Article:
“Irish” and “North American” Soft Coated Wheaten Terriers

Breed standards are often subject to interpretation (is your idea of “medium boned” the same as someone else’s?), and “types” can exist in the same breed –  field versus bench, for example. Other breeds can be similar and share the same name, but depending upon who is being asked, differences in size, color, shape and personality may enough to be considered as variations in one breed, if not two different breeds: The American Akita and Japanese Akita (or Akita Inu) come to mind.

With regards to the Soft Coated Wheaten Terrier, some may hear the terms, “North American” (or just “American”), and “Irish,” and wonder if, like the Akita, they are different enough from each other to be almost different breeds altogether.

They’re not.

“Irish” and the “North American” refer to coat. Both are single coated, but the “Irish” type is less full (some might say “sparse”),  lays closer to the body, and is wavy, soft and silky. Because this coat grows slower, it can take a few years for it to look its best, and until that point of maturity comes, such puppies can look endearingly scruffy.  Some feel that Irish type coats also tend to be lighter colored.

The “North American” coat, while also soft, is full and lavish from an early age. Puppy coats can mat quickly, but the coat becomes easier to maintain in adulthood. These coats soak more easily in rain since they don’t contain the natural oil found in the other type of coat.

Experienced breeders will say they’ve encountered every variation of coat between the two mentioned above, and in the end, all Wheatens can claim ancestry in the Irish working man’s dog: A versatile, intelligent and tough all-purpose farm dog.

Image: Soft Coated Wheaten Terrier by Svetlana Novikova
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5 thoughts on ““Irish” and “North American” Soft Coated Wheaten Terriers”

  1. Here’s my favorite story about this….a few years back, as an extremely new judge of my own breed (Bassets), I had an assignment across the country. I asked the show chair if there were any “special attractions” I could also judge, thinking this would help me make the most of the trip. I was sort of hoping for the Hound BBX group, since I was preparing hounds. The show chair assigned me the Terrier BBX group. I demured. She cheerfully pointed out that I had nine months to prepare and would do fine. So I spent every weekend that a show was available in the Pacific NW at the Terrier rings, studying like crazy.
    The Terrier folks were very welcoming and generous with their knowledge… One exhibitor let me go over her Soft Coated Wheaten bitch on a Saturday, and told me to come back on Sunday. I did, and she had gone home and fetched her Irish-coated Soft Coated Wheaten male – who was not entered – to show me the coat and educate me about the two coat types. She said she didn’t want me to only think one coat type was acceptable. I will NEVER forget both the lesson and her kindness and generosity to bring her boy, unentered, just to educate a very novice judge….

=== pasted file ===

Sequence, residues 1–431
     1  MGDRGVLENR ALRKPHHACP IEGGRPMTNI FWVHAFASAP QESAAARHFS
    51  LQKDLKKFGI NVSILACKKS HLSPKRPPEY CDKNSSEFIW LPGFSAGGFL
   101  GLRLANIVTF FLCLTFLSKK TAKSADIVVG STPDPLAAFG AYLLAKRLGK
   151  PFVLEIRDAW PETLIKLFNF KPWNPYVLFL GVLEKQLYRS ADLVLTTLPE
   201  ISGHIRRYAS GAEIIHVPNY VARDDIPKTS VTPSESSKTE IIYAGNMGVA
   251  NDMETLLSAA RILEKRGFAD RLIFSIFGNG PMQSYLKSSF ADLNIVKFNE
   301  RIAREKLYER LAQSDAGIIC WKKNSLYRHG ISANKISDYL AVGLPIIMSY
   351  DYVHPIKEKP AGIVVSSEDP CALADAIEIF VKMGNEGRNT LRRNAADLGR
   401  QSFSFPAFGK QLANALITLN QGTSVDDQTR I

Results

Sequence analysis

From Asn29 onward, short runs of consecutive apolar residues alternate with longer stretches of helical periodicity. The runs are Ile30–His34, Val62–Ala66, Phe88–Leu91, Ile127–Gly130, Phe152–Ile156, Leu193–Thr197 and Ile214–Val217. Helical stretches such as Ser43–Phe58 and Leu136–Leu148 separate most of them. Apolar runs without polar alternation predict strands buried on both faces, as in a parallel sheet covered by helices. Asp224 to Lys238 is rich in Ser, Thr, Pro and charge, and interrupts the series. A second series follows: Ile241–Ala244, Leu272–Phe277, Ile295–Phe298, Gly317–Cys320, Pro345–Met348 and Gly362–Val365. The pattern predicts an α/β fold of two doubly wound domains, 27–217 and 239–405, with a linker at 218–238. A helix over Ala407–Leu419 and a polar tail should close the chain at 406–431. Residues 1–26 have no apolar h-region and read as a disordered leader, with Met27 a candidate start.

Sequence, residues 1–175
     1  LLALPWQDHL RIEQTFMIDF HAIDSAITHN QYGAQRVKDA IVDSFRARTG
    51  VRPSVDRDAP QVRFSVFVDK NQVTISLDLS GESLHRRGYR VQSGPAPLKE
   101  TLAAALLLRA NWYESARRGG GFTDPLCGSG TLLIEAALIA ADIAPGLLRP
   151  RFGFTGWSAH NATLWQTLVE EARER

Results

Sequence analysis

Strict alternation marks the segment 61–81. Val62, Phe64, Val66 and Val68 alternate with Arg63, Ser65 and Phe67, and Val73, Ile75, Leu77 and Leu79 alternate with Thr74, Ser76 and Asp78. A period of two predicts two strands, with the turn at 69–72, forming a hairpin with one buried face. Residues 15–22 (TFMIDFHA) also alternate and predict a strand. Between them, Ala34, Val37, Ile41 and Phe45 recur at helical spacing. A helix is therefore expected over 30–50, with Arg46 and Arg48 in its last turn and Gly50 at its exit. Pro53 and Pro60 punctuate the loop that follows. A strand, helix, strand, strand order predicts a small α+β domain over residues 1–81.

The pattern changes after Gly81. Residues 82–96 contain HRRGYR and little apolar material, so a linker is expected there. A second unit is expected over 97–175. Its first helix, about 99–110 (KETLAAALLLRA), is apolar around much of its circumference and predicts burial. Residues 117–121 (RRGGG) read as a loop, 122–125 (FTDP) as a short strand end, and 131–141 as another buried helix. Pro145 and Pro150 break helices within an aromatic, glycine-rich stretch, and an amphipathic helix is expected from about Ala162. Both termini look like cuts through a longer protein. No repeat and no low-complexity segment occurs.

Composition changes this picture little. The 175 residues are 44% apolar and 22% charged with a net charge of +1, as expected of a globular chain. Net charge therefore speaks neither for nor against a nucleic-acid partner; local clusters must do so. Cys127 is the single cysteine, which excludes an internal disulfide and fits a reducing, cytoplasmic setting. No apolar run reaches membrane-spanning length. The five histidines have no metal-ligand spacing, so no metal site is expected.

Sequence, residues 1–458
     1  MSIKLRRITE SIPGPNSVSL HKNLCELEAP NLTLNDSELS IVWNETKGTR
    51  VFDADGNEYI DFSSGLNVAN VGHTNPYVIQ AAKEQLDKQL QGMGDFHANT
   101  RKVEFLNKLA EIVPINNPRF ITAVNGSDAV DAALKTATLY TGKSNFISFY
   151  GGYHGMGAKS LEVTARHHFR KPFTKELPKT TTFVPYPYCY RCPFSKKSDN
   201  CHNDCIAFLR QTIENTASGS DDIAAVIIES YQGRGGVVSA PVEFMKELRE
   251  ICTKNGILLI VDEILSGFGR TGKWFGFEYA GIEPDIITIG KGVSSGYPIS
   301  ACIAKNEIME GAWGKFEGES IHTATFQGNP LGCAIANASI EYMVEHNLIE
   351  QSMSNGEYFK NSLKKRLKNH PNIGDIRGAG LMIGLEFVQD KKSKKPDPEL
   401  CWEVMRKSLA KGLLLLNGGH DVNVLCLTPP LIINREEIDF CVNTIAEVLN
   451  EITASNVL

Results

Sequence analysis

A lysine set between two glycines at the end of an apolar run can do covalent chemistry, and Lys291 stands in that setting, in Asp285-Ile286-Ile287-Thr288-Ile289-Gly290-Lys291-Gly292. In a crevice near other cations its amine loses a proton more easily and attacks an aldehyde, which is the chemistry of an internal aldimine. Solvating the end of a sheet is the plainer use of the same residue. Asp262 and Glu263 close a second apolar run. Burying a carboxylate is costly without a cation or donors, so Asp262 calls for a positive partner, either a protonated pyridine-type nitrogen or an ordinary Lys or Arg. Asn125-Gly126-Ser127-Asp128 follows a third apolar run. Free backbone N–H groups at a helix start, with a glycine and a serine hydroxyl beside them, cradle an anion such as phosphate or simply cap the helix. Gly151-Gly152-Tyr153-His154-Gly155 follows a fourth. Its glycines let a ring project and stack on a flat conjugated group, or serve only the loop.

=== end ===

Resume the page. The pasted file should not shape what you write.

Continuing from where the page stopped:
2. Unfortunately Standards are always up for “interpretation” – and judges need to learn how apply them – SCWT only have one coat type – correct. EVERY word in the US standard needs to be applied, including that under faults – the UK standard is clearer and the Country of Origin even more so. US standard – COAT A distinguishing characteristic of the breed which sets the dog apart from all other terriers. An abundant single coat covering the entire body, legs and head; coat on the latter falls forward to shade the eyes. Texture soft and silky with a gentle wave. In both puppies and adolescents, the mature wavy coat is generally not yet evident. Major Faults – Woolly or harsh, crisp or cottony, frizzy, kinky or standaway coat; in the adult, a straight coat is also objectionable.

    • Many thanks for the additional information, Margaret.

  3. My 7 year old wheaten has an Irish coat (bred from an Irish sire and Australian bitch). His coat has never been sparse or oily or wooly. He has never been a show dog but his parents and siblings were champions.
    We see both types of coat in our neighbourhood. When I visit Ireland, I’ve only seen Irish coats – given that is the origin of the breed, maybe we should leave the Irish coat as the breed standard and introduce a sub-class for the American coated dogs?

    • We leave weighty decisions like your suggestion up to the breed owners and the clubs, but it makes for an interesting discussion!

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